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Well-being: Six ways to thrive in ministry

by
15 January 2021

Liz Graveling suggests ways to practise and improve well-being

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Balancing family relationships, vocational fulfilment, and health can be challenging

Balancing family relationships, vocational fulfilment, and health can be challenging

FOR the past four years, through its Living Ministry research, the Church of England’s National Ministry Team has been exploring the well-being of ordained ministers (News, 23 October). Nearly 1000 clergy ordained since 2006 have taken part in surveys, interviews, and focus groups covering areas as diverse as physical and mental health, spirituality, vocation, finances, and relationships.

From the myriad stories, responses, and perspectives gathered so far, the hundreds of pages of findings can be summed up in one word: kindness.

Well-being, insofar as we can influence it, is as simple and as complex as being kind to oneself and to one another. Why is it so complicated?

First, well-being varies for different people and at different times. Not only do needs differ, but what constitutes living well also varies. It is possible to have general principles — like the ones outlined below — but how these play out in practice varies enormously.

Second, well-being has many aspects, some of which conflict with each other. Balancing family relationships, vocational fulfilment, and health, for example, can be immensely challenging. In ordained ministry, where boundaries are often blurred, it is important to view well-being holistically.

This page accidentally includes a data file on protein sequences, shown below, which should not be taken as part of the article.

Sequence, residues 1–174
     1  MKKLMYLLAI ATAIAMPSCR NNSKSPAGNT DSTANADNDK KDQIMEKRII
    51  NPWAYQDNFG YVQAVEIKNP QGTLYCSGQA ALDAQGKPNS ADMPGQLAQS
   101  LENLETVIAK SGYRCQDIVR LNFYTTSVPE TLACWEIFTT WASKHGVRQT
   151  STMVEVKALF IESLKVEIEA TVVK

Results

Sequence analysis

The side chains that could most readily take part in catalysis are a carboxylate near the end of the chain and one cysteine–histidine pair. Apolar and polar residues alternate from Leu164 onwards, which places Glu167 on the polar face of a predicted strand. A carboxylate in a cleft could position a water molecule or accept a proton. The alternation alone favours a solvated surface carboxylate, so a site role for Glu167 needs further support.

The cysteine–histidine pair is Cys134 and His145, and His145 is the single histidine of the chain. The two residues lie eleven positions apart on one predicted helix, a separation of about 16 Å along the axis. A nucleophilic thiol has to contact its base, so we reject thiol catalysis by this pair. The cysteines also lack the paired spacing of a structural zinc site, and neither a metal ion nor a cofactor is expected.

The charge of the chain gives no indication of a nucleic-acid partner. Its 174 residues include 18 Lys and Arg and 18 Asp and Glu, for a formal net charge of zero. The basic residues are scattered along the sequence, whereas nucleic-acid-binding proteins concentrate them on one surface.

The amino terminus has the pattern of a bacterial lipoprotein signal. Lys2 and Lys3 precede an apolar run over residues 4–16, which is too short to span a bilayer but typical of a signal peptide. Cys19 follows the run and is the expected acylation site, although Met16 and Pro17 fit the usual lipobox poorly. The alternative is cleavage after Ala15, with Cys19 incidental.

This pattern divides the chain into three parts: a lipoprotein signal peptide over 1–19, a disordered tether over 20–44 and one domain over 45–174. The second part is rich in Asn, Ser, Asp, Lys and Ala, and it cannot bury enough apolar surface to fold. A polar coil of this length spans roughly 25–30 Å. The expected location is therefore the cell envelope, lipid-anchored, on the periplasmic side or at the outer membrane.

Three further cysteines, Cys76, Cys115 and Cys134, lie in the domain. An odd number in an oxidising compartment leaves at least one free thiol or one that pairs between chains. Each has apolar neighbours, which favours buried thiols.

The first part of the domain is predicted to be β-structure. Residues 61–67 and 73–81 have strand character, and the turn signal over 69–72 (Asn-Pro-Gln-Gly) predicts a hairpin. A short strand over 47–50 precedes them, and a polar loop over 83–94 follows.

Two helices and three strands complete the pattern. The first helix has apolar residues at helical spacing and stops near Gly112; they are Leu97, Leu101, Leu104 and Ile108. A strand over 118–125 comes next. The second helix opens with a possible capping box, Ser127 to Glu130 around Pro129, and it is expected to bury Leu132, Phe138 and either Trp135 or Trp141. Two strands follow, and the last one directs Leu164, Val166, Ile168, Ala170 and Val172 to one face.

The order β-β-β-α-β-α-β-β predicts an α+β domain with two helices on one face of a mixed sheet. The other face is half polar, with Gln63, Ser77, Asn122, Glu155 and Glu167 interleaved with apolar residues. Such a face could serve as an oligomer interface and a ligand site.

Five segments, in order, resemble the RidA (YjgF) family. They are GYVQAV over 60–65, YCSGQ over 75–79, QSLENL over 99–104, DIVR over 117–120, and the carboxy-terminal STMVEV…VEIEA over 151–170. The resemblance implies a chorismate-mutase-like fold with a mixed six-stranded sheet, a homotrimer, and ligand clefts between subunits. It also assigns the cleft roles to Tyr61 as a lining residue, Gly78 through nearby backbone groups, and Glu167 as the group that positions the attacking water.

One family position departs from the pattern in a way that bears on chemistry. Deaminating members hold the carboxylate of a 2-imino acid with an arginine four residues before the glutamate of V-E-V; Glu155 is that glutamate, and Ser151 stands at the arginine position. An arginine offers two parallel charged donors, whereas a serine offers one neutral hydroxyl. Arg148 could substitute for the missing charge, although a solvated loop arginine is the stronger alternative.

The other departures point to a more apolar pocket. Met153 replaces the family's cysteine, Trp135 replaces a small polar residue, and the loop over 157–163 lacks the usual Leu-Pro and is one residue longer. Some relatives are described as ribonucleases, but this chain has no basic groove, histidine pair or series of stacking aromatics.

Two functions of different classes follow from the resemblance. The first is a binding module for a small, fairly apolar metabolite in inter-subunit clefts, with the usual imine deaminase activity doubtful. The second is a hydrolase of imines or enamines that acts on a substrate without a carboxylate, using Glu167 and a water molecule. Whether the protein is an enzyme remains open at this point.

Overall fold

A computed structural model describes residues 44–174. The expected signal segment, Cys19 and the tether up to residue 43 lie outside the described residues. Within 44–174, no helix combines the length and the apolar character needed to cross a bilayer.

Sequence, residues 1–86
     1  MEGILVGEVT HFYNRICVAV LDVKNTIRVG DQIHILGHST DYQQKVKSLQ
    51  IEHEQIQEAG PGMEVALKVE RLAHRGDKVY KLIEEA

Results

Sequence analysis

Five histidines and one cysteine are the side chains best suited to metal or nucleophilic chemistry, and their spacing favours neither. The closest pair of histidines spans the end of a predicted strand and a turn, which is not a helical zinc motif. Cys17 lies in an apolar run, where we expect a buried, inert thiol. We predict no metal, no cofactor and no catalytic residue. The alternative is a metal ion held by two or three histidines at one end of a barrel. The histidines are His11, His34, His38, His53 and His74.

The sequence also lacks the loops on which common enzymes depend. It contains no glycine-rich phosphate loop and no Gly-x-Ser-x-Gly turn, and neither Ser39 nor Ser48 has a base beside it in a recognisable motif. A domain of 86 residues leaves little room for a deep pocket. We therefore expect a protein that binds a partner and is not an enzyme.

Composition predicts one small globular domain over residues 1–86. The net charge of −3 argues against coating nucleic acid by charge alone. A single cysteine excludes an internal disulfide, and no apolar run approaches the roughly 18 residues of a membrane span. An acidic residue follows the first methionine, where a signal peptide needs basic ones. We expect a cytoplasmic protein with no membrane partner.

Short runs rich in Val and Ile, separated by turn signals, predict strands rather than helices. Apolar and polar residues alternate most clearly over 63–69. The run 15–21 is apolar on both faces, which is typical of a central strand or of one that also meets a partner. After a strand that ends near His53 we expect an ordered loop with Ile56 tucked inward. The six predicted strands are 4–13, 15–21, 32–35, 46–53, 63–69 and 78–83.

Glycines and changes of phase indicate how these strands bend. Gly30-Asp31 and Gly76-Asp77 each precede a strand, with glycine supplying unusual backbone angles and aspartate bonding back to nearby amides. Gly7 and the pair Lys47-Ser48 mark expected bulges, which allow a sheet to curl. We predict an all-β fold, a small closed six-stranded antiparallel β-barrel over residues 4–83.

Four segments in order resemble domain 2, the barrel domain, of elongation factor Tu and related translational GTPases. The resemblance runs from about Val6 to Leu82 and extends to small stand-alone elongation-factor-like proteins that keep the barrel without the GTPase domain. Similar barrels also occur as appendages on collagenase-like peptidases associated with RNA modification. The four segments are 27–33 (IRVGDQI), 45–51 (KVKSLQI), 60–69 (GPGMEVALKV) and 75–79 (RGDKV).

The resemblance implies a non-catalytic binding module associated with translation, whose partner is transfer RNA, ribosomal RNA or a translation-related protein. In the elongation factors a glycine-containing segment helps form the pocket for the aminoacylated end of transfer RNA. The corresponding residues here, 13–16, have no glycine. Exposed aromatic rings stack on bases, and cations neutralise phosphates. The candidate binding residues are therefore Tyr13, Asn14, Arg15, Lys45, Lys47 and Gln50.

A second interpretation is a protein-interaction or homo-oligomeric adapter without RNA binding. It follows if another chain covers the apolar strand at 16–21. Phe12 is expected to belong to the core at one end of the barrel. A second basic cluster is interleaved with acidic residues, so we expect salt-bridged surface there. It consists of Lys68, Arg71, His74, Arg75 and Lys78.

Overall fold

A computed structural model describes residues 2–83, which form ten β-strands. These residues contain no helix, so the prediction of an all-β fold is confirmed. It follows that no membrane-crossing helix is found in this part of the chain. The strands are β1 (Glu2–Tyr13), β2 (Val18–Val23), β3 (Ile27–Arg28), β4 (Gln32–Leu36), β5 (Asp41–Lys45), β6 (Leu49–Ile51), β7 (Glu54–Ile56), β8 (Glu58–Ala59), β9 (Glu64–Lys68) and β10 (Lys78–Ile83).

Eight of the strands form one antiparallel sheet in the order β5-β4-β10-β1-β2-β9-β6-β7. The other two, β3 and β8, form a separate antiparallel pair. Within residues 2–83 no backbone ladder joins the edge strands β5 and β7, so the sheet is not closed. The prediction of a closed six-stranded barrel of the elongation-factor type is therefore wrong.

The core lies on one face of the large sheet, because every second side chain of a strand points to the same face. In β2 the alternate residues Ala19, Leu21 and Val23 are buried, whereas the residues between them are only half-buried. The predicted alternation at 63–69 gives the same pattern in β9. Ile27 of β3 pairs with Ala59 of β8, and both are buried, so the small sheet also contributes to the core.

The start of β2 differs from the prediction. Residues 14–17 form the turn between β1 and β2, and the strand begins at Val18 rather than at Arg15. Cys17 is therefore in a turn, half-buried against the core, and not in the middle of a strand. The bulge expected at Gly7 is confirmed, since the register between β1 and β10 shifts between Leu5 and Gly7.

Third, well-being itself requires work. Kindness is not just rest and reward: it also involves challenge and discipline. The key is knowing how much of each is required at which point, especially in a vocation in which sacrifice is the norm.

Fourth, we don’t have complete control over our own well-being. Sometimes, illness or other circumstances mean that we are not well through no fault of our own. To the extent that we can control it, well-being is negotiated, and we each share in responsibility for the well-being of those around us.

It has to be addressed institutionally as well as personally: structures and systems can also demonstrate kindness. The principles below are not just self-care. Dioceses and senior clergy have a responsibility to handle expectations of other clergy, to value and affirm them, to recognise times when they are vulnerable, and to shape an environment where clergy can develop healthy rhythms and boundaries.